As pre-driver’s licensed teenagers in the 1980s, one of the places we scratched our automotive itch, as it were, was in the video game arcade. You remember those, right? Dark, noisy rooms reeking of old popcorn, sweat, and cleaning solution with brown industrial carpeting smothered in used chewing gum and other nastiness, where the youth of our generation gathered to take our minds off of school, overbearing parents and girl (or guy) troubles. The best games would rob you of a pocket full of quarters and hours – if not days or weeks – of your life. It was heaven on Earth. These days we have the XBox, PlayStation, and Wii. The best games for Car Geeks like me were the sit-down shift-and-steer games. Pole Position taught us the basics, but Outrun was where it was at in terms of cool cars, music, and you even got a hottie in a bikini to ride along. And that was the closest I thought I’d ever come to driving a Ferrari Testarossa.
I’m still on a bit of a Ferrari kick after last week’s post on this unique Mondial coupe, so I have been frequenting sites like FerrariChat to get an idea of what’s out there these days and the going rate. Post-1996 stuff really isn’t that interesting to me (read: I can’t afford..) so I find myself poring over ads for the cars I wanted when I was a teenager. I think a lot of us do that: what was once unobtainable is now potentially within the realm of possibility. What’s better, if you actually take the plunge – is that the more of us that get interested means the prices go higher. Simple supply and demand amplified by emotion. And that’s where this car comes in. What was once a nearly $200,000 supercar capable of 190mph is now a $40,000 vintage supercar still as capable as it ever was. Find this clean black example here on FerrariChat in Colorado for $39,900.
The Testarossa came out in 1984 as Ferrari’s dramatic replacement for the Berlinetta Boxer. Both shared Pininfarina design and mid-engined flat-12 architecture, but where the Berlinetta Boxer was svelte and curvaceous, the Testarossa was all angles, not to mention the glorious cheese-grater side vents. Despite a stronger motor, the Testarossa’s performance figures were on a par with the last of the BB’s – the 512i. They were, however, friendlier cars to drive than their predecessors, being known as one of the most usable supercars to date at the time, and even by today’s standards. To boot, one didn’t cook in the cabin of the TR the way that they did in the BB.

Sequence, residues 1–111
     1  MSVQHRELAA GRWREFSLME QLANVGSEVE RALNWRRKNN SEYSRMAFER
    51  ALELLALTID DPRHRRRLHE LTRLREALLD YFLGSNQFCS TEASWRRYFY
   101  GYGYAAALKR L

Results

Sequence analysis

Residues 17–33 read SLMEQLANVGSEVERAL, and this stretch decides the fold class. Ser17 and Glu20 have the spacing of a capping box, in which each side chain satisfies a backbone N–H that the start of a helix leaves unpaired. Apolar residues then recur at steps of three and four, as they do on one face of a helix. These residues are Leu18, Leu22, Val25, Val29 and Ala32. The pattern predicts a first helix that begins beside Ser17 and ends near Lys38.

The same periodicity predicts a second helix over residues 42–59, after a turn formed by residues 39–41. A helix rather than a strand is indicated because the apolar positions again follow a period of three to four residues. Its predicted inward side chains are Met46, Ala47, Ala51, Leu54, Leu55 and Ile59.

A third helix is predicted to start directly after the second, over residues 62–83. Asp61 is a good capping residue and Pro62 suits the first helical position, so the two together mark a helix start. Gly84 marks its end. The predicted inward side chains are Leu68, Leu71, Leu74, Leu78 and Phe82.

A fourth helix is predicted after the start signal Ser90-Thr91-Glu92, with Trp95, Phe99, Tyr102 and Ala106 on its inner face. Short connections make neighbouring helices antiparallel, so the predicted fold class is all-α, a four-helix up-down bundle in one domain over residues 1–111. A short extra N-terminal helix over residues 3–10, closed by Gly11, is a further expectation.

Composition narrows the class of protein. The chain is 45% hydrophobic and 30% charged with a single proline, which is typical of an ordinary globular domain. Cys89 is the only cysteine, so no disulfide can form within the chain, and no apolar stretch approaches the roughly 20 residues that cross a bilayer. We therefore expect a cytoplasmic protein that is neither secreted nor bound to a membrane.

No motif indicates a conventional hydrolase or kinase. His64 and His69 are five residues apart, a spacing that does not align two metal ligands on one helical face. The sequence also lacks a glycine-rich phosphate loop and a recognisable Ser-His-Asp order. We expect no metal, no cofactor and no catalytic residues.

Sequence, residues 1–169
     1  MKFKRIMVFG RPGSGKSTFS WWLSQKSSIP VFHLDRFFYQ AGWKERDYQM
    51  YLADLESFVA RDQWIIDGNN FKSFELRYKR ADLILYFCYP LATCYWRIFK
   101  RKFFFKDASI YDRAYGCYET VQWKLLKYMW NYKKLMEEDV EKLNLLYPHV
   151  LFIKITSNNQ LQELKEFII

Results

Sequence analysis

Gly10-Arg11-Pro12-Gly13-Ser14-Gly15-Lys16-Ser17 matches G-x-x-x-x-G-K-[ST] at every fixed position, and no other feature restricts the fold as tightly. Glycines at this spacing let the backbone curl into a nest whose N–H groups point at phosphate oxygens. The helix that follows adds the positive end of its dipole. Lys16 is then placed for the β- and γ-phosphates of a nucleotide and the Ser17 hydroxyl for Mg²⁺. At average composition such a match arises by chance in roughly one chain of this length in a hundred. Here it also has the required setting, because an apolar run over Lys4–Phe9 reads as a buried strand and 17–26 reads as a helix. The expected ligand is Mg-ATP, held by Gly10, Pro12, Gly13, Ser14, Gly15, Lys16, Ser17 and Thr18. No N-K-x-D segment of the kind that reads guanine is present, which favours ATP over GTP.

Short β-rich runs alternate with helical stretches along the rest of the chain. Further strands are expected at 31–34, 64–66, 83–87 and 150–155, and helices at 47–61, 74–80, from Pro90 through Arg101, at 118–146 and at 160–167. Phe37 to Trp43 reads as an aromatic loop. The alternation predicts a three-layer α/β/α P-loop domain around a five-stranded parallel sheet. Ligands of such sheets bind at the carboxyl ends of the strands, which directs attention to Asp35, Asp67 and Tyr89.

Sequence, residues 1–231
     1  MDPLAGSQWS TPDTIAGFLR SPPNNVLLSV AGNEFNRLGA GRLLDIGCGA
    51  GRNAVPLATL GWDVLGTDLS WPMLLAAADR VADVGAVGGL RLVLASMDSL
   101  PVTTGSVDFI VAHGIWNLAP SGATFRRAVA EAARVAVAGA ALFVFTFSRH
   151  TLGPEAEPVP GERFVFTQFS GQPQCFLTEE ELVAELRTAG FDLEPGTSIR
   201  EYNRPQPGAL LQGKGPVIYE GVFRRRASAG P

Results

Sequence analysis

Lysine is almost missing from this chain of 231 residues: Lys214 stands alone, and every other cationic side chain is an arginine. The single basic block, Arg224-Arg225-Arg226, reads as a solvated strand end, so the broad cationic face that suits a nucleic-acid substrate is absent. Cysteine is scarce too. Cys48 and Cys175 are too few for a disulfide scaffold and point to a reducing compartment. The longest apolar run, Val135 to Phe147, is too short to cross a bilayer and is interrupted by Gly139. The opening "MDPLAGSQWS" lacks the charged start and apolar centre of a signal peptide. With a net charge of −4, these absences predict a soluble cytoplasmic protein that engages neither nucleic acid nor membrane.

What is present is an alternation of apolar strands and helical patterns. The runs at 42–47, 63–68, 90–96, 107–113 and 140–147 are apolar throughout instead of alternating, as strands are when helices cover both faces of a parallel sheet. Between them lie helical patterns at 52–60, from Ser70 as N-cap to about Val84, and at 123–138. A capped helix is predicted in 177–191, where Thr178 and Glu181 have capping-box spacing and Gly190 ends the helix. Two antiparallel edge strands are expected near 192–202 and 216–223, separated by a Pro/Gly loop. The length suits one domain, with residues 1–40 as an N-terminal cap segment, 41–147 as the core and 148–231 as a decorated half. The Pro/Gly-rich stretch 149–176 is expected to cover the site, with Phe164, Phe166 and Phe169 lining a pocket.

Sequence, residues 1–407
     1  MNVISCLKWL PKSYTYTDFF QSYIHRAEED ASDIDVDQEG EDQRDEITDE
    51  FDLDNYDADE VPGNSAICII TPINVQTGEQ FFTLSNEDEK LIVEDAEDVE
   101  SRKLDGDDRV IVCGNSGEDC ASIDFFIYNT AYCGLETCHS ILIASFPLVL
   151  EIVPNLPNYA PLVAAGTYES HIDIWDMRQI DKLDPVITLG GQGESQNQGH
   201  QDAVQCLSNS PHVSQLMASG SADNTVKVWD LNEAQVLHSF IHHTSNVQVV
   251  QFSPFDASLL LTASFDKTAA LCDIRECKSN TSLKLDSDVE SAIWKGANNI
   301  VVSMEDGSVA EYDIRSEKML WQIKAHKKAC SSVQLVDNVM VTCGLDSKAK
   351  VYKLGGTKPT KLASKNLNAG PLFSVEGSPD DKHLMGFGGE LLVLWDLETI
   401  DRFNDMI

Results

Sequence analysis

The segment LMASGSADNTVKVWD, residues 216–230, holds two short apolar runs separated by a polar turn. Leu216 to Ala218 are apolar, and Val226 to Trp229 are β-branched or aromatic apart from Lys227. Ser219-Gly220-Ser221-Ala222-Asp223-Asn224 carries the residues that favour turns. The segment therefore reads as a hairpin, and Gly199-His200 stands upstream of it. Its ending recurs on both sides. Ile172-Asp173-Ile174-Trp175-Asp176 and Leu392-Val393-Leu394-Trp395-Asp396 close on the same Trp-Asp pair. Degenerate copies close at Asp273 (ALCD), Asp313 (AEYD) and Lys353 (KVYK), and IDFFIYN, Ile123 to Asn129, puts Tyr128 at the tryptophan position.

From an ownership perspective, Testarossa’s are Ferrari-expensive to maintain, but if you buy the right car with the right history that has been cared for than conventional wisdom suggests annual maintenance for a sparingly-used car should be in the $1,000-$1,500 range annually with a $4,000 major service every four years. I’ve got a V12 Mercedes that will rival that, so for me it would not be a deterrent. You may be a little less desensitized, however, so these numbers may appear daunting, so consider this: at $40,000 the Testarossa is nearly as inexpensive as any proper supercar will get. If you look to the Berlinetta Boxers, prices have fluctuated over the years, but it wasn’t too long ago that $70,000 would get you a very nice one. These days they are six-figure cars, and people smarter than me predict they will keep going up. The Testarossa is a little behind for two basic reasons: 1) they’re just younger; and 2) they made about four times as many of them. The first issue will sort itself out over time, but the latter issue is a little concerning from a collectability standpoint. Generally speaking the more there are the less desirable they are. There are almost 10,000 Testarossas running around, so it could be a while before prices skyrocket.
Even if it appreciates slowly, a solid Testarossa shouldn’t go any lower in value than about where this car is today. It may take a while to climb, but if appreciation just covers the cost of service then ownership of one of these could be a zero cost proposition, and that’s hard to argue with. The key is whether you are in a position to buy. There’s something to be said for the school of thought that has folks with limited means but grandiose dreams driving old Accords and Camrys so that they can afford to put one of these in the garage as well. These days forty grand will put you in new upscale sedan like an Acura TL or Infiniti G, or you could have this.
Food for thought (and not a single reference to Thomas Magnum or Miami Vice!)…